Stock Up for Speed


Most nights I want my meals to be fast and low in fat. One of my secrets: a well-stocked pantry.

Of course, I keep nonfat chicken stock on hand. Nonfat egg substitute is another staple I’m rarely without; it keeps a relatively long time in the refrigerator. One surprising basic ingredient in my kitchen is Chinese-style dry noodles; they come in a convenient 5-pound box and they work in a variety of dishes, including soup.

Most of the other ingredients for this dinner can be picked up in many supermarkets and in any Chinese grocery store. For a great ending to this dinner, try a cool melon sorbet from the freezer case of your supermarket or splurge and have a Chinese almond cookie with hot jasmine tea.

MENU (Under 30 Minutes)


Seafood Noodle Soup

Pea Shoot Salad

Melon sorbet or Chinese almond cookies

Jasmine tea






Olive oil

Sesame oil


Jasmine tea


Seasoned rice vinegar


1 bunch basil

1 (49 1/2-ounce) can nonfat chicken broth

3 baby bok choy

1 bunch cilantro

1 pint melon sorbet or 1/2 dozen Chinese almond cookies

1 (4-ounce) carton nonfat egg substitute


1 pound frozen mixed fish, shrimp and calamari balls

6 shiitake mushrooms

1 (5-pound) pound Chinese-style dry noodles

6 ounces pea shoots

1 (1/2-ounce) bottle Sichuan peppercorns


30 minutes before: Bring chicken broth to boil for soup.

25 minutes before: Add fish and seafood balls to boiling broth. Slice mushrooms and bok choy.

15 minutes before: Add mushrooms and bok choy to broth. Blend together cornstarch and water. Stir into broth. Bring water to boil for noodles.

10 minutes before: Drizzle egg substitute into soup, cover and let stand. Add noodles to boiling water. Prepare and combine ingredients for vinaigrette.

Last minute: Drain noodles and divide into serving bowls. Spoon over soup with broth. Garnish with cilantro leaves. Toss pea shoots with vinaigrette.

Before dessert: Brew tea and serve sorbet or cookies.


1 (49 1/2-ounce) can nonfat chicken broth

1 pound frozen fish, shrimp and calamari balls

6 fresh shiitake mushrooms, sliced

3 baby bok choy, cut into 1-inch slices

6 tablespoons cornstarch

1 2/3 cups water

1/4 cup nonfat egg substitute

2 teaspoons sesame oil

1/4 pound Chinese-style dry noodles

Cilantro leaves

Bring chicken broth to boil in saucepan. Add fish, shrimp and calamari balls. Return to boil. Reduce heat to simmer; cover and cook about 10 minutes, until seafood balls are cooked through. Add mushrooms and bok choy and simmer few more minutes.

Blend together cornstarch and water until smooth. Stir into bubbling broth. Return to simmer and cook, stirring occasionally, until broth is clear and thickened, about 2 minutes. Slowly drizzle egg substitute into soup, cover, remove from heat and let stand 1 minute. Stir in sesame oil.

Cook noodles in boiling water in 3-quart saucepan 5 to 6 minutes. Drain and divide among 4 serving bowls. Spoon soup over noodles. Garnish with few cilantro leaves.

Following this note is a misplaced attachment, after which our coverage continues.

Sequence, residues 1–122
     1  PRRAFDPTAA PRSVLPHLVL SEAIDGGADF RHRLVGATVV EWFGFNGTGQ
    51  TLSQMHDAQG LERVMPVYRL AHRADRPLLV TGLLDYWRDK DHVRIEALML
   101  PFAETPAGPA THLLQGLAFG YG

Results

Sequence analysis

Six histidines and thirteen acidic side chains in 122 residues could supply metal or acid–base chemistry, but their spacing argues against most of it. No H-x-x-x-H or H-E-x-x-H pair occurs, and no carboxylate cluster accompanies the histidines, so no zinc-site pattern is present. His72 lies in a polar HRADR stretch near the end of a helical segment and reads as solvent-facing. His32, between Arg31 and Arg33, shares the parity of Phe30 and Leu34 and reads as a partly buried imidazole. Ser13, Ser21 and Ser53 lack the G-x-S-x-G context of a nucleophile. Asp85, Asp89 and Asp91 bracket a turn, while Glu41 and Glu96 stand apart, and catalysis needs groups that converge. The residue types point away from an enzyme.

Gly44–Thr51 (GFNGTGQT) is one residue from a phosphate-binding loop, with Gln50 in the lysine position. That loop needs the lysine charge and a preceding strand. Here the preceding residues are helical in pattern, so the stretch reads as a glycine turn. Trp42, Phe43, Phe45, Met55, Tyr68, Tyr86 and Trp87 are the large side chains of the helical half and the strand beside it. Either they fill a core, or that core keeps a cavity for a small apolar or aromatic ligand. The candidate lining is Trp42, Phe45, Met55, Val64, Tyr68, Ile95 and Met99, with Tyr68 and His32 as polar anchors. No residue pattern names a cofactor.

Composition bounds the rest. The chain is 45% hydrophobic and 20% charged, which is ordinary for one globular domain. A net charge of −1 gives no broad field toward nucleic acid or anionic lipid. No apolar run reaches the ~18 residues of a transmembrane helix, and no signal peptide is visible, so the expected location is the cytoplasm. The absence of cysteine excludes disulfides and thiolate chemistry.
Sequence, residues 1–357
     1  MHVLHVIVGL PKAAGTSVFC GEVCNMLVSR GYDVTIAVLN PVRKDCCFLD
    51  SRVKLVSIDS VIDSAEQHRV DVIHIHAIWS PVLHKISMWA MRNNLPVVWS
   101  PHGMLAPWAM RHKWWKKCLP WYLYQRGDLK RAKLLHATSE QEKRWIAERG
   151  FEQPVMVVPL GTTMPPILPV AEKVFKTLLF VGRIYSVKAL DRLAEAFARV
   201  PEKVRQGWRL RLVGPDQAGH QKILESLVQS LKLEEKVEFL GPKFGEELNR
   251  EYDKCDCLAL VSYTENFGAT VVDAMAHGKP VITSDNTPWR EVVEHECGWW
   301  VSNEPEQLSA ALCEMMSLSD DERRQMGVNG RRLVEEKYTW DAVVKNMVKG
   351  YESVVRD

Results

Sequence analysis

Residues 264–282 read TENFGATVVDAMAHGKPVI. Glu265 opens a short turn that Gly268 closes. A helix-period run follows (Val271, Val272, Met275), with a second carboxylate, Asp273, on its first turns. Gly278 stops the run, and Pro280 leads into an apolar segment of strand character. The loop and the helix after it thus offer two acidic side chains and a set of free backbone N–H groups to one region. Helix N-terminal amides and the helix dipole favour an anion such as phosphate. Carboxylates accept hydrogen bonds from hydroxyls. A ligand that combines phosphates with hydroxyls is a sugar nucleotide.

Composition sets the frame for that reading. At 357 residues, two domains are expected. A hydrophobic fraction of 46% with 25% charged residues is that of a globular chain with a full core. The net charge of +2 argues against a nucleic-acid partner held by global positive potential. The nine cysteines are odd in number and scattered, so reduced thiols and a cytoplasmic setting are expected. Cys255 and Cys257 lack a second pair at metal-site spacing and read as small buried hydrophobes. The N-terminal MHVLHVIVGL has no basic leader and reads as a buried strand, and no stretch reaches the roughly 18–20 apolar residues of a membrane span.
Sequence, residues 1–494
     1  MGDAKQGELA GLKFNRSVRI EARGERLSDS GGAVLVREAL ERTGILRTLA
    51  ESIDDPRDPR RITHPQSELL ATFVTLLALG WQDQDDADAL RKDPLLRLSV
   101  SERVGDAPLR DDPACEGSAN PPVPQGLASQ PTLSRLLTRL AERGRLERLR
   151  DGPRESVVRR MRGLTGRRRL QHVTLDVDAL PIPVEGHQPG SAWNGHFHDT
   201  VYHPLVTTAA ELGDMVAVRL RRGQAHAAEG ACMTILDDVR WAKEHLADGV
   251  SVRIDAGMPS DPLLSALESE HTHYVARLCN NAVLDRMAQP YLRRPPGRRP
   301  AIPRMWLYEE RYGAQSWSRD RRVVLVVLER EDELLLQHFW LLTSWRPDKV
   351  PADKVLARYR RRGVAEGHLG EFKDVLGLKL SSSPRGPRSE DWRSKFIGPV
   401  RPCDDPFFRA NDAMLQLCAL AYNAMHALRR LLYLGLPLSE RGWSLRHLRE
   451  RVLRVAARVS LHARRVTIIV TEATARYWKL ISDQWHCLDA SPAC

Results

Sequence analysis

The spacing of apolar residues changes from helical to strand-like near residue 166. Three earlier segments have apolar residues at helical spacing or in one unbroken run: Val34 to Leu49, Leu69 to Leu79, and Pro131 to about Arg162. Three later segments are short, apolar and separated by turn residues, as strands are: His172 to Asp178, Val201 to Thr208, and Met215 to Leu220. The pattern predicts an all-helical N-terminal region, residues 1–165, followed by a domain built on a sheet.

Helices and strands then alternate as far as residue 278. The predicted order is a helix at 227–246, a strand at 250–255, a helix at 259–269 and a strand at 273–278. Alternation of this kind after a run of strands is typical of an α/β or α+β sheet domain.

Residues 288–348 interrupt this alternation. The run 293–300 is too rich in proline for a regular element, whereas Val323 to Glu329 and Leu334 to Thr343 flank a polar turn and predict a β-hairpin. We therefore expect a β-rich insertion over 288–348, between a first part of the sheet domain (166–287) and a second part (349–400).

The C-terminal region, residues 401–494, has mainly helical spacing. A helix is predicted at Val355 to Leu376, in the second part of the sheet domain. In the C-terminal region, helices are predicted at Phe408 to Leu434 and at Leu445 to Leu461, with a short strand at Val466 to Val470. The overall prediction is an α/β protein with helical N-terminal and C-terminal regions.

4 servings. Each serving:

351 calories; 482 mg sodium; 172 mg cholesterol; 4 grams fat; 39 grams carbohydrates; 36 grams protein; 0.56 gram fiber.


8 cups pea shoots

1/4 cup chopped basil

1 teaspoon minced garlic

1/4 cup seasoned rice vinegar

2 tablespoons olive oil

2 tablespoons water


Coarsely ground Sichuan peppercorns

Rinse pea shoots under cold water and drain. Remove any tough stems. Combine basil, garlic, rice vinegar, olive oil, water, salt and Sichuan pepper to taste. Toss with pea shoots.

4 servings. Each serving:

126 calories; 87 mg sodium; 0 cholesterol; 7 grams fat; 13 grams carbohydrates; 7 grams protein; 1.76 grams fiber.


Kitchen Tip

All oils (with a few exceptions, such as whale and shark oil) have the same total amount of fat: about 14 grams per tablespoon. They vary, of course, in the proportion of saturated fat. In addition, some oils go a lot further in cooking because of their fuller flavors.

Just a touch of sesame oil, for instance, can make a dish taste great (and it has just 2 grams of saturated fat per tablespoon). Store sesame oil in the refrigerator to keep it from turning rancid if you do not use it frequently.

* Sichuan peppercorns are not a kind of peppercorn but the dried flower buds of the Chinese prickly ash tree. Their peculiar taste, at once hot and numbing, has been described as everything from turpentine-like to “a combination of clove and cedar”; both descriptions seem equally accurate. They can be ground in a normal pepper or spice grinder, or they can be coarsely cracked between a heavy pan and a work surface.

* When you get right down to it, our vegetable vocabulary is fairly limited. While we’re big on the roots and fruits of edible plants, there’s a lot we overlook. In much of Asia, for example, the shoots or new growth of various vegetables are consumed as well. In a well-stocked Southeast Asian grocery, you’ll find the shoots of various squash, melons and legumes sold in tightly bound bundles that look as if they might be more at home in a florist’s shop. Among the most delicious are pea shoots and pea leaves, which are often stir-fried with garlic. Remove any woody growth and rinse well before using.


Cooks around the world love a good convenience food. Chinese cooks, for instance, sometimes use frozen fish and seafood balls, made from ground fish. They are a quick way to add protein to noodle soups. Locally, you can find the product in Chinese grocery stores and in some area supermarkets.